NO! In the 70’s, it was not complicated when few westerners ran simply on natural surfaces for recreation and pleasure. Just imagine the running shoes then were nothing more than a layer of rubbery material with the inner side of the sole giving comfort to the feet, the outer side giving grip to the ground and the upper was made out of canvas with laces.
Biomechanics is the science of the movement of a human body how muscles, bones, tendons and ligaments work together to produce movement. It can help you appreciate your own running form, gait &posture to assess how you can enhance your performance and remain pain free. Although running most definitely depends on whole body interaction, basic understanding of your “Foot, Ankle & biomechanics” is utmost critical to determine style of running, specific running shoes, custom orthotic insoles and demand of physical exercises pre and post running.
THE GAIT CYCLE
The Gait cycle starts when one foot makes contact with the ground, and ends when that same foot makes contact with the ground again. This can be divided up into two “phases” – the ‘Stance Phase’ during which the foot is in contact with the ground and the ‘Swing Phase’ during which the foot is not in contact with the ground.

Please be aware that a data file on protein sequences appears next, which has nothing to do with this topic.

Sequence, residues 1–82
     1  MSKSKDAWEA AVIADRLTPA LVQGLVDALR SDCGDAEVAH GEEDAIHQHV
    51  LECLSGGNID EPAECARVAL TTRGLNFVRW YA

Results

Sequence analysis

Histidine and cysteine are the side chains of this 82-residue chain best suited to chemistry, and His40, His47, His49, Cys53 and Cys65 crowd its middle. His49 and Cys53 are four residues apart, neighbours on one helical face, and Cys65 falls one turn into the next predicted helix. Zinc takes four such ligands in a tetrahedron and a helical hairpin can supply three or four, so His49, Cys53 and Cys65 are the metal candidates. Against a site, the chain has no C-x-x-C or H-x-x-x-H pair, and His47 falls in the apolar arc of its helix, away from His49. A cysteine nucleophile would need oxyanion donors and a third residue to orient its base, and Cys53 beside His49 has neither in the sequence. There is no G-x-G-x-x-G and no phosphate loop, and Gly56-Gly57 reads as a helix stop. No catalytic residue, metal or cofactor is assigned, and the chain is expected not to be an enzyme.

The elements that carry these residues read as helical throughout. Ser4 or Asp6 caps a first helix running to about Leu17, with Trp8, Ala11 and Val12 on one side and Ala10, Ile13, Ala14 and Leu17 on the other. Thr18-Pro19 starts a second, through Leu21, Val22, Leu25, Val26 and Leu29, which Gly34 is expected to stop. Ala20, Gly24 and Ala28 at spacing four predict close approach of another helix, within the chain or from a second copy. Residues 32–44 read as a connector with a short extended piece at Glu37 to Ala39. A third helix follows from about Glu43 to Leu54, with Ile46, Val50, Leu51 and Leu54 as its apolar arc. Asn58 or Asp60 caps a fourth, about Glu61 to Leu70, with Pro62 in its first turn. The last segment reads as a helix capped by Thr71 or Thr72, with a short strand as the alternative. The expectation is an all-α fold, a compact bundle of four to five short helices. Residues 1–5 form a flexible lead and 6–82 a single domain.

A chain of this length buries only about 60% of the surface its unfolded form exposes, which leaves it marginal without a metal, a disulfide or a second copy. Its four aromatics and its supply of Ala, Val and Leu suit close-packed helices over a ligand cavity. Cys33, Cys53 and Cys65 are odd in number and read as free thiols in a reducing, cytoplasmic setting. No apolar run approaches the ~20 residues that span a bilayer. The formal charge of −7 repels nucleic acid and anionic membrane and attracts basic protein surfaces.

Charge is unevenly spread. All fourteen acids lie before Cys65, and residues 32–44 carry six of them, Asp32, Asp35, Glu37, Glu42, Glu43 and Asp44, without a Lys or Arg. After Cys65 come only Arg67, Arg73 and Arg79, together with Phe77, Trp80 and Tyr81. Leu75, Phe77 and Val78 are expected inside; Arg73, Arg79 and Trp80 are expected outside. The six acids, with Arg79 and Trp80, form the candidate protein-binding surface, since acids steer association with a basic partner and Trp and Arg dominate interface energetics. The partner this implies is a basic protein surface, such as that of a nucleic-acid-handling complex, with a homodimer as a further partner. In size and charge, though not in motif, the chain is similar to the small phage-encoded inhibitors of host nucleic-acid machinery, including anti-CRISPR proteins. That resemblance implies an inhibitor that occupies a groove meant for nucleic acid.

Initial ground contact
Let’s imagine you are at that moment in your stride when both feet are off the floor (float phase). Your left leg is out in front of you and about to touch the ground. This moment (regardless landing on heel, mid-foot, or forefoot) is called initial contact and marks the beginning of the stance phase where as your right foot behind you is off the floor and in swing phase.
Braking (Absorption) & Mid-Stance
As soon as your left foot makes contact with the ground in front of you, your body is in effect performing a controlled landing, managed via deceleration and braking. Your left knee and ankle flex (the opposite of straighten) and the left foot rolls in (pronates) to absorb impact forces. During this process of absorption, the tendons and connective tissue within the muscles store elastic energy for use later in the propulsion phase. The braking phase above continues until the left leg is directly under the hips taking maximum load as the body weight passes over it. The left ankle and knee are at maximum flexion angle. This moment is called mid stance (you may also hear it referred to as single support phase).